Franchitti planning to keep his hands on racing

Dario Franchitti hobbled into Thursday’s news conference on

crutches and sat down between IndyCar’s two most cherished prizes –

the series championship trophy and the Indianapolis 500 trophy.

That’s when it all hit home for Tony Kanaan, Chip Ganassi’s

employees – and Franchitti himself.

He is done racing.

More than a month after abruptly announcing his retirement,

Franchitti finally felt well enough to spend 20 minutes answering

questions about the frightening October crash that forced him to

reluctantly walk away from a sport that turned the thoughtful,

polite Scotsman into an international celebrity.

”I spent two days kind of thinking, `How can I get around

this?”’ Franchitti said. ”I’ve driven with a lot of broken body

parts over the years and I thought, `There’s got to be a way,’ and

there just wasn’t.”

It took Franchitti nearly 2 1/2 months just to make it back onto

the public stage after the crash at Houston. Debris from the

accident injured 13 fans in the grandstands and an IndyCar

official, while the four-time IndyCar champion and three-time

Indianapolis 500 winner was diagnosed with a fractured spine, a

broken right ankle and a concussion.

Franchitti has had surgery twice on the ankle, which is why he

continues to use crutches, but the lingering effects of the

concussion were a major concern for physicians and friends.

As recently as three weeks ago, the 40-year-old Franchitti still

wasn’t himself.

”He was in my house and he wasn’t there. You know, his body was

there, but he wasn’t there,” said Kanaan, the 2013 Indianapolis

500 champ and one of Franchitti’s closest friends. ”When you see a

friend not speaking right, you know slowly, asking the same

questions 10 times and sleeping 16 hours a day, you know

something’s not right.”

The doctors explained the risks of getting back in the car and

the potential consequences. Franchitti, who had overcome everything

from concussions to a broken back during his incredible career,

knew this time was different.

”I said, `Tony, I’m not sure how this going to work out. I’m

not sure if I’m going to be OK,”’ Franchitti said, explaining how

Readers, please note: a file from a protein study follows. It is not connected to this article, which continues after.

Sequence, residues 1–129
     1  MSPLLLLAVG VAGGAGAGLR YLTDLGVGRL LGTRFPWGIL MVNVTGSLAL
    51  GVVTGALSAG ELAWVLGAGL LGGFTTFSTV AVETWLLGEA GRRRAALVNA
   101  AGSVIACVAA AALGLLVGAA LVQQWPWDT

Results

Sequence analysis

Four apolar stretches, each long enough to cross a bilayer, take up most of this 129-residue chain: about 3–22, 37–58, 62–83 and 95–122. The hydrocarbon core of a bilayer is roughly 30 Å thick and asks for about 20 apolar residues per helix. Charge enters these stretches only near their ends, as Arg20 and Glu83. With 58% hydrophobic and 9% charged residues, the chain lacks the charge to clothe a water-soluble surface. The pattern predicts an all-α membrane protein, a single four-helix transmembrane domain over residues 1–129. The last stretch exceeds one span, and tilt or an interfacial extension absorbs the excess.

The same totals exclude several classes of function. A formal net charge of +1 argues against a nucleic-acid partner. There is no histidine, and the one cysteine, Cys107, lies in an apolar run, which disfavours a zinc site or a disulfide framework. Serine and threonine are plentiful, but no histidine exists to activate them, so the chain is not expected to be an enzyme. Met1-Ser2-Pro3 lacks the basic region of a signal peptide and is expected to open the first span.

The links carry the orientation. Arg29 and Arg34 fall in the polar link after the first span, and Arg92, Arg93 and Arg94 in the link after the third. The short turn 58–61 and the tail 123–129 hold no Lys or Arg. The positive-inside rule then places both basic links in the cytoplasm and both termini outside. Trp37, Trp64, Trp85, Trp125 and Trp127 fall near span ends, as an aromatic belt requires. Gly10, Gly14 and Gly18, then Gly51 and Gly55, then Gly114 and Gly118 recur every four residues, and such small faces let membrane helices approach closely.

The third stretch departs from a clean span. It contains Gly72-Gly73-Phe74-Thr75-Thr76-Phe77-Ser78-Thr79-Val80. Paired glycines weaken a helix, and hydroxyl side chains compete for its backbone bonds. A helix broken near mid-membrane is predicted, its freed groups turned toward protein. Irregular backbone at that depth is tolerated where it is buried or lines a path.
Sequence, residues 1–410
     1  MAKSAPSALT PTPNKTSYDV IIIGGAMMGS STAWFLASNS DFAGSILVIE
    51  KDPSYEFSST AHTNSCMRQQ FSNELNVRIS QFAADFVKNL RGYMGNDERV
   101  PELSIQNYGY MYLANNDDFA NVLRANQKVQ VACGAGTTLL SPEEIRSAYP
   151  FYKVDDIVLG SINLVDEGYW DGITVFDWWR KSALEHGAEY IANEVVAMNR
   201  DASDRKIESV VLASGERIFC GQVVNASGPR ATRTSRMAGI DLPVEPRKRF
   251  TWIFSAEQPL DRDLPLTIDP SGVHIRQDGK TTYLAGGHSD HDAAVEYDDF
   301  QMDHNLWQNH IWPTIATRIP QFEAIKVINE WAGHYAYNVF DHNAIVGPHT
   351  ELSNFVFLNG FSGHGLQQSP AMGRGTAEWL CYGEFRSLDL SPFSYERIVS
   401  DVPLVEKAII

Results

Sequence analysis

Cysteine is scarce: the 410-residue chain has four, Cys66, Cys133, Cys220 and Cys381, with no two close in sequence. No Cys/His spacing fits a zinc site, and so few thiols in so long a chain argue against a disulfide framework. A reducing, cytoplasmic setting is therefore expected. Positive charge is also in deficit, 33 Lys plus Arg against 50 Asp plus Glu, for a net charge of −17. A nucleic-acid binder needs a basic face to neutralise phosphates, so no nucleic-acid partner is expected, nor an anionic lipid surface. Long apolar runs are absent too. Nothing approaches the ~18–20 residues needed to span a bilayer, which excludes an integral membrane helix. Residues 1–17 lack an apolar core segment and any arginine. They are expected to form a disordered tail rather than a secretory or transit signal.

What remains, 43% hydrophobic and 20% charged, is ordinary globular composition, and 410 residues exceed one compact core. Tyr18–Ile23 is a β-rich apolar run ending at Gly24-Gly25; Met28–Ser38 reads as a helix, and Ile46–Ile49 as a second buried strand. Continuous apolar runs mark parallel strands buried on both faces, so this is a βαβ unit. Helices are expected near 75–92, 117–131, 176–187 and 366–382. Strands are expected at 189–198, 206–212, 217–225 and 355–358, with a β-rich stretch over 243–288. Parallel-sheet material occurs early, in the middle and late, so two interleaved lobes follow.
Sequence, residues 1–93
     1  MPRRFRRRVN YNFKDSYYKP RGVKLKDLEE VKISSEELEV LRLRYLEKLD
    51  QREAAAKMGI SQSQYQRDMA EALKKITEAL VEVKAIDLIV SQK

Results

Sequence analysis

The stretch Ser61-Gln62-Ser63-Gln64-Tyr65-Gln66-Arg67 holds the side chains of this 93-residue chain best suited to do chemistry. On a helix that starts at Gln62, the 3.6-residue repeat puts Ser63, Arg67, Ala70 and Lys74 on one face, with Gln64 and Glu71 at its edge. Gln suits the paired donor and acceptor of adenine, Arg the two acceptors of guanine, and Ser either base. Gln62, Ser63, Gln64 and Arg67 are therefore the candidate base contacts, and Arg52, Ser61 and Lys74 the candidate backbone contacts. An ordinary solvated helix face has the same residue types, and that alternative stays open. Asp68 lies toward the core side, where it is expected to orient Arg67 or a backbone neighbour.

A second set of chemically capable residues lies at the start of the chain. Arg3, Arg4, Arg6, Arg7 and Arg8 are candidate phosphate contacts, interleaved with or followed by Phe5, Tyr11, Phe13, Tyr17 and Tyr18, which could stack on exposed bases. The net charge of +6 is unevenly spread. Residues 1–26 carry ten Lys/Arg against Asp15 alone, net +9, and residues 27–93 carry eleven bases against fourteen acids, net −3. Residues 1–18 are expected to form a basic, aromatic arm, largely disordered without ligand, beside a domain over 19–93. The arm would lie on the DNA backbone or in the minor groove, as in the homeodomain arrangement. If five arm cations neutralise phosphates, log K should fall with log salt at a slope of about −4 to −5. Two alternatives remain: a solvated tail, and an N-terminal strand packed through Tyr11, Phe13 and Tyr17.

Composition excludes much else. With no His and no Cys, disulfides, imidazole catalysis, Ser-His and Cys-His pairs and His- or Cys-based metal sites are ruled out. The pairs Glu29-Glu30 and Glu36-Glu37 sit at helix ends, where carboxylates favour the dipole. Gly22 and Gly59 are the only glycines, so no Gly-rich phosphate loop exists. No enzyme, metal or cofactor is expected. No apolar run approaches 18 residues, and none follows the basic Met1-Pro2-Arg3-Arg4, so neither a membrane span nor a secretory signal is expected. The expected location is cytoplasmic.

he asked Kanaan to drive the No. 10 car if he could not. ”That day

was the first day I thought, `I might be in trouble here,’ but you

don’t really have all your mental faculties when you’re in that

condition.”

Franchitti was in far better shape Thursday.

After thanking fans and friends for their support and

apologizing to reporters for not taking questions sooner,

Franchitti teased Kanaan about showing up for the news conference

in a black shirt and black slacks. He later reached down to

Kanaan’s image on the Borg-Warner Trophy and joked he thought the

nose was actually doubling as a handle for the trophy.

That’s more like the fun-loving Franchitti colleagues and fans

have known the years.

Kanaan is convinced Franchitti will not attempt a comeback when

he is healthy.

”I don’t think he’s going to do anything that’s going to

jeopardize his life,” Kanaan said.

The good news is that Franchitti will still be around the track.

While he won’t be jumping into the cockpit, Franchitti has agreed

to continue working with Ganassi’s team in a still-undefined

role.

Team manager Mike Hull believes Franchitti can help the four-car

team make a smooth transition with two new drivers – Kanaan, who

will replace Franchitti in the No. 10 car, and Ryan Briscoe, a

former Indy pole winner – without losing any of the dominance

Ganassi’s team has had over the past five seasons. The holdover

drivers are three-time series champion Scott Dixon and Charlie

Kimball, an emerging American who won his first IndyCar race last

season.

”What made Chip Ganassi Racing what it is today is the

independent perspective within the people here, and he (Franchitti)

has an independent perspective that can help us,” Hull said.

Franchitti finishes his IndyCar career with 31 wins, eighth

all-time, and 33 poles, sixth all-time. After making the move from

Champ Car to IndyCar with Michael Andretti’s team, he won the first

of his three Indy crowns in 2007, then signed on to race for

Ganassi’s NASCAR team. When things didn’t go well, he returned to

IndyCars with Ganassi in 2009 and dominated the series by winning

12 races, twice at Indy, and three consecutive points titles.

It wasn’t just what Franchitti did on the track that mattered.

He served as a mentor and coach for teammates, offered advice to

anyone who sought it and became an outspoken proponent for improved

safety measures when his close friend and former teammate Dan

Weldon died in the 2011 crash at Las Vegas. His 11-year marriage to

actress Ashley Judd, which ended in January, also gave the series

crossover appeal.

But he leaves with a racing resume and fan base that will be

hard to match.

”There have been some crap days and some devastating days, but

since I started with go-karts, I’ve had a really fun time,” said

Franchitti, who grew up in Europe with ambitions of one day racing

in Formula One. ”Who knows if I’d ever gotten into F1, how it

would have turned out? Scotland has always been my home, but I

always felt at home on the track here in America.”